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Amy & Kids Co Family Child
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"Certainly, young children can be selfish, just like all of us, and some of them tend to be more selfish than others, but every day, all around me, I see young children disproving my esteemed colleague's theory." http://ow.ly/9syL30kJwCe
Unselfish
Unselfish
teachertomsblog.blogspot.com
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" I've always learned at least as much from them as they do from me and most of their lessons come in the form of this boy playing with his shadow." http://ow.ly/YSr630kCKdS
Teaching And Learning From Preschoolers
Teaching And Learning From Preschoolers
teachertomsblog.blogspot.com
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"However, research shows that the drastic decline in “risky” outdoor play in kids is creating behavior problems. By constantly hovering over kids, restricting their movement, and diminishing their time to play, we are causing more harm than good." http://ow.ly/HQ6I30kCKB2
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"Sometimes we only get it wrong once, sometimes the process is accelerated by observing others, but sometimes, for some of us, it's a longer journey of trail and error. " http://ow.ly/WpTB30kCKqt
"Ahhh . . ."
"Ahhh . . ."
teachertomsblog.blogspot.com
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- Read Aloud to Children Past Preschool -
In a Washington Post article, author Amy Joyce explains that a new study by Scholastic asserts that while reading from "Day One" is vitally important, "it shouldn't end when kids begin to read on their own." Joyce quotes Liza Barker from Scholastic:
"'As they become independent readers, we tend to let them go, but even kids in older demographics love nothing more than that time with their parents…We're blown away that kids time and again said the most special time they recall spending with a parent is reading together.'"
Source: "Why It’s Important to Read Aloud with Your Kids, and How to Make it Count" by Amy Joyce, The Washington Post, February 16, 2017 (via ChildCareExchange)
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"Play is a pure good and should not need to be defended, but ... we live in a real world where policy-makers still consider play a mere relief from serious work rather than a core aspect of the real work.." http://ow.ly/Bu1230kCKm4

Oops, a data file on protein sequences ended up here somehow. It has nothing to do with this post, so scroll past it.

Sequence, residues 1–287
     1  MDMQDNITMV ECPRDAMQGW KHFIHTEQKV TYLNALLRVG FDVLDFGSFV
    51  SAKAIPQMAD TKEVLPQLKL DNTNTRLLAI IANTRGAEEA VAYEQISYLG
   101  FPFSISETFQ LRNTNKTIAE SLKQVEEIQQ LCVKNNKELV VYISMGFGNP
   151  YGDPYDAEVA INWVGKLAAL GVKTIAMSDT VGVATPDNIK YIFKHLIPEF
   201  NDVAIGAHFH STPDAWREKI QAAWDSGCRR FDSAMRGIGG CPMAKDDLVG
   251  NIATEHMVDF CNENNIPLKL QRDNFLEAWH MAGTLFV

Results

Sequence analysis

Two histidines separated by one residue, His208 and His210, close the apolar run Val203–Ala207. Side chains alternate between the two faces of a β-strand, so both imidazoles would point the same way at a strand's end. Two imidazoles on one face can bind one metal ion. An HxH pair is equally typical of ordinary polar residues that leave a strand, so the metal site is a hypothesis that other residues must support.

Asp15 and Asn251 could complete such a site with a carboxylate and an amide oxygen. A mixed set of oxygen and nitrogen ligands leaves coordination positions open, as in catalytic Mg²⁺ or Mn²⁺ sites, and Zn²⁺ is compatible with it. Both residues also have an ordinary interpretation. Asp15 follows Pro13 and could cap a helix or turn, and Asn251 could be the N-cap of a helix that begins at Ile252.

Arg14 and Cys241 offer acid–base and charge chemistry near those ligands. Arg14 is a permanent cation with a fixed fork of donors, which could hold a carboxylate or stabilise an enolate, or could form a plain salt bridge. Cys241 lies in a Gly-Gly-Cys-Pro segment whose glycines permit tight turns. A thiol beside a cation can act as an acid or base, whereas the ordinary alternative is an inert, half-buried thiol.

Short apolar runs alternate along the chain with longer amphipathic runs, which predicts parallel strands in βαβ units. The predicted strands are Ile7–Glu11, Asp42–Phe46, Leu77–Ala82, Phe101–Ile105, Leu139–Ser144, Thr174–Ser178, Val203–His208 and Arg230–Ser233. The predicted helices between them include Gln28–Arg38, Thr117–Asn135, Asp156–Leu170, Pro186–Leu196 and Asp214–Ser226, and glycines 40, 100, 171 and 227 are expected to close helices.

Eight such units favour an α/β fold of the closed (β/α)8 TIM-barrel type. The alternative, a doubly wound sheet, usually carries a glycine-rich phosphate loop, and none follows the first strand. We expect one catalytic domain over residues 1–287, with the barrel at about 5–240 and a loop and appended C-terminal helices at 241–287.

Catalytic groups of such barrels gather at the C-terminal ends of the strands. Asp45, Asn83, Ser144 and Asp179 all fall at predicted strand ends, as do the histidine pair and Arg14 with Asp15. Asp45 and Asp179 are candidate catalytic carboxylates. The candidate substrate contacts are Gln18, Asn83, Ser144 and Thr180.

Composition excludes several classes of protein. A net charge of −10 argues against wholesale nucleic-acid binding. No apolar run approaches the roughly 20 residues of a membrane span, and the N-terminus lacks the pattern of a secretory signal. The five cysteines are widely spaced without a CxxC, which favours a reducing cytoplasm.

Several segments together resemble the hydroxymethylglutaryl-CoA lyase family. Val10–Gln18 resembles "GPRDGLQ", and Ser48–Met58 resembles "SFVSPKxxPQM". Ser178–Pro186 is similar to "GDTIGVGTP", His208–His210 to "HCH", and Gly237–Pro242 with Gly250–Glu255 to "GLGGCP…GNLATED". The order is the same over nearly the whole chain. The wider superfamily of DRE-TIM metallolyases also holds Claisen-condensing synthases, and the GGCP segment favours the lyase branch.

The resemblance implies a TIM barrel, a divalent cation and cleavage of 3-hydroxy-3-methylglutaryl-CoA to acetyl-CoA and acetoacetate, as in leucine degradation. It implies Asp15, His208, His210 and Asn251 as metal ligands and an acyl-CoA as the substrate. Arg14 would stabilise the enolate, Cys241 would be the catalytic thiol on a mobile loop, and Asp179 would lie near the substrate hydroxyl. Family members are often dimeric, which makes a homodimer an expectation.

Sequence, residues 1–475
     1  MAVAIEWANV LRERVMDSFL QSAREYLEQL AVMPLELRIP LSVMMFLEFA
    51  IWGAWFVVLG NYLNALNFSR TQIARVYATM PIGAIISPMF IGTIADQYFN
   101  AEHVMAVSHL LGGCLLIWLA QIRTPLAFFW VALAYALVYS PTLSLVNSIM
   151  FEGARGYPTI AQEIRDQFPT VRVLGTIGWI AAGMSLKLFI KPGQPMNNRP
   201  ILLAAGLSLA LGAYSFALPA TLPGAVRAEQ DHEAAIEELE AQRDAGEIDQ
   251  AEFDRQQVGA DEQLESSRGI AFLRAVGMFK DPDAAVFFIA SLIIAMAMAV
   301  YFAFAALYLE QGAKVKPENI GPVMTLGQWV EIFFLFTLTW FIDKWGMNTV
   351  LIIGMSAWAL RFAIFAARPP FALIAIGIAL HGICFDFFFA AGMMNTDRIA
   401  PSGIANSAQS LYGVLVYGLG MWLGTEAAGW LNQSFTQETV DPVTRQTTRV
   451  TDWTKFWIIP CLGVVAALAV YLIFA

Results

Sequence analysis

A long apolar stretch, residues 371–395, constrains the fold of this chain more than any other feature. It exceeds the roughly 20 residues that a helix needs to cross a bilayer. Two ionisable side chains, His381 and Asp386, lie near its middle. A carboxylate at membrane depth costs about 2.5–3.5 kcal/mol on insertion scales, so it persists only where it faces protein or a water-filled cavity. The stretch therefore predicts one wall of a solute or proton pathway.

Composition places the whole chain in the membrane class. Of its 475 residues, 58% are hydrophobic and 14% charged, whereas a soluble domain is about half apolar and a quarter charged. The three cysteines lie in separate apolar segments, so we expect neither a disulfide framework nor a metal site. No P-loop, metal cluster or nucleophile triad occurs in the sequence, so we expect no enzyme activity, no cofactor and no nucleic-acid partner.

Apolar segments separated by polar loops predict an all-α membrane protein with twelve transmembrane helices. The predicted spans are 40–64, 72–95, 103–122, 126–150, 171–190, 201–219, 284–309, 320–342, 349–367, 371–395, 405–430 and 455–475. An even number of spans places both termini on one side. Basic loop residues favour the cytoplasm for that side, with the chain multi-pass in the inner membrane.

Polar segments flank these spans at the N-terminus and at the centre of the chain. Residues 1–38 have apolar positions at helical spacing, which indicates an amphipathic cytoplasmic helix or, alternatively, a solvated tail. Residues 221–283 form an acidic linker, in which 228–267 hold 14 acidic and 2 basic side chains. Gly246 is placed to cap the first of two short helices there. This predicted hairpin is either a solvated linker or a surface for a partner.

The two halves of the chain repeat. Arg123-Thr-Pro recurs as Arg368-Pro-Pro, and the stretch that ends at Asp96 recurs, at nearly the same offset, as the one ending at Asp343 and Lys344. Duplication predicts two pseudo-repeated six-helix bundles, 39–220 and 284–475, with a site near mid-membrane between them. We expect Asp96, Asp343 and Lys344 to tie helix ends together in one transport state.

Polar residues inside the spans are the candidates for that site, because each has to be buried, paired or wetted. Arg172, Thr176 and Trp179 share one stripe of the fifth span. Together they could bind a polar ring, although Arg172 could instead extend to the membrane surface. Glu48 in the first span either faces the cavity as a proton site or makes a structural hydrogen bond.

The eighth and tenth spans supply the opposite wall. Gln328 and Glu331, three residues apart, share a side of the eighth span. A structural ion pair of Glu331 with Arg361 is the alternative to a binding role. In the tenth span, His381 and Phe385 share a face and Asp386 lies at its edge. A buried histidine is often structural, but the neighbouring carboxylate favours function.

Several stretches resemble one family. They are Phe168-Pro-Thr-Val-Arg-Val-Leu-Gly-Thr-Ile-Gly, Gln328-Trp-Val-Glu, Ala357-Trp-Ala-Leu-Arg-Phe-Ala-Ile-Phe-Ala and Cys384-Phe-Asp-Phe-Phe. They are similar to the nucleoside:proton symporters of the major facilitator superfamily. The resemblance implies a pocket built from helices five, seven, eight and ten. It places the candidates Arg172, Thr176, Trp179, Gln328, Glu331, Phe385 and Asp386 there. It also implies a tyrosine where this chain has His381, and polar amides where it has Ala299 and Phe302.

A Good STEM Education Is A Play-Based One
A Good STEM Education Is A Play-Based One
teachertomsblog.blogspot.com
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"This dramatic play is surrounded then by science, literacy, math, physical education, the arts and humanities, tools we take from the shelf as we need them, learning to use them at the level at which we comprehend them in the context of the story we are telling together." http://ow.ly/jj8730kwjWc
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- A Child's View -
Lilian Katz urges early childhood programs to assess their quality from the point of view of a child. She encourages staff to “proceed by asking about the environment on behalf of the child:
- Is it welcoming rather than merely captivating?
- Do I belong in the group rather than merely have a good time?
- Am I usually accepted by adults rather than scolded?
- Am I taken seriously rather than just precious or cute?
- Am I usually accepted by some peers rather than isolated, neglected, or rejected?
- Is this environment usually involving rather than entertaining?
- Are the activities engaging rather than amusing?
- Are the activities interesting rather than boring?
- Do I usually come here willingly rather than reluctantly?” (via ChildCareExchange)
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"...We instead focus on the important part, the failure, the struggle, the process, and if we adults must say something it's more along the lines of, "You worked hard at that." That is where the learning takes place. Without the work, without the failure, success is meaningless." http://ow.ly/JIED30kwjRg
This Unhealthy Focus On Success
This Unhealthy Focus On Success
teachertomsblog.blogspot.com
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- What Causes Bullying? -
Dr. Gail Gross, in her December 14, 2014 Huffington Post article, "What Causes Your Child to Become a Bully?" provides five of the most common reasons children begin to bully others:
"I have witnessed a few different situations that describe the majority of child bullies:
1. Like Parent, Like Child
Children model what they see. If a child is bullied by his/her parent, or is being abused or treated in a disrespectful way at home, that child is likely to imitate this behavior at school.
2. The Powerless Child
Sometimes, the child that bullies is the child who feels completely powerless at home…This child may attempt to gain back power by bullying others at school.
3. The Forgotten Child
I have seen children who feel invisible at home act out as bullies at school…That feeling of invisibility may turn into anger, resentment and then bullying others at school.
4. The Entitled Child
Then there is the child who has been given too much power…Children who are given everything they want, raised without limitations and rules to follow…may believe they have a right to bully others at school, since they bulldoze their parents at home.
5. Children Who Lack Empathy
Finally, there are those children who come from wonderful, loving homes with actively involved parents who become bullies. These child bullies may simply lack empathy, like to dominate...and want power. The wonderful thing about this is that empathy is something that can be taught." (via ChildCareExchange)
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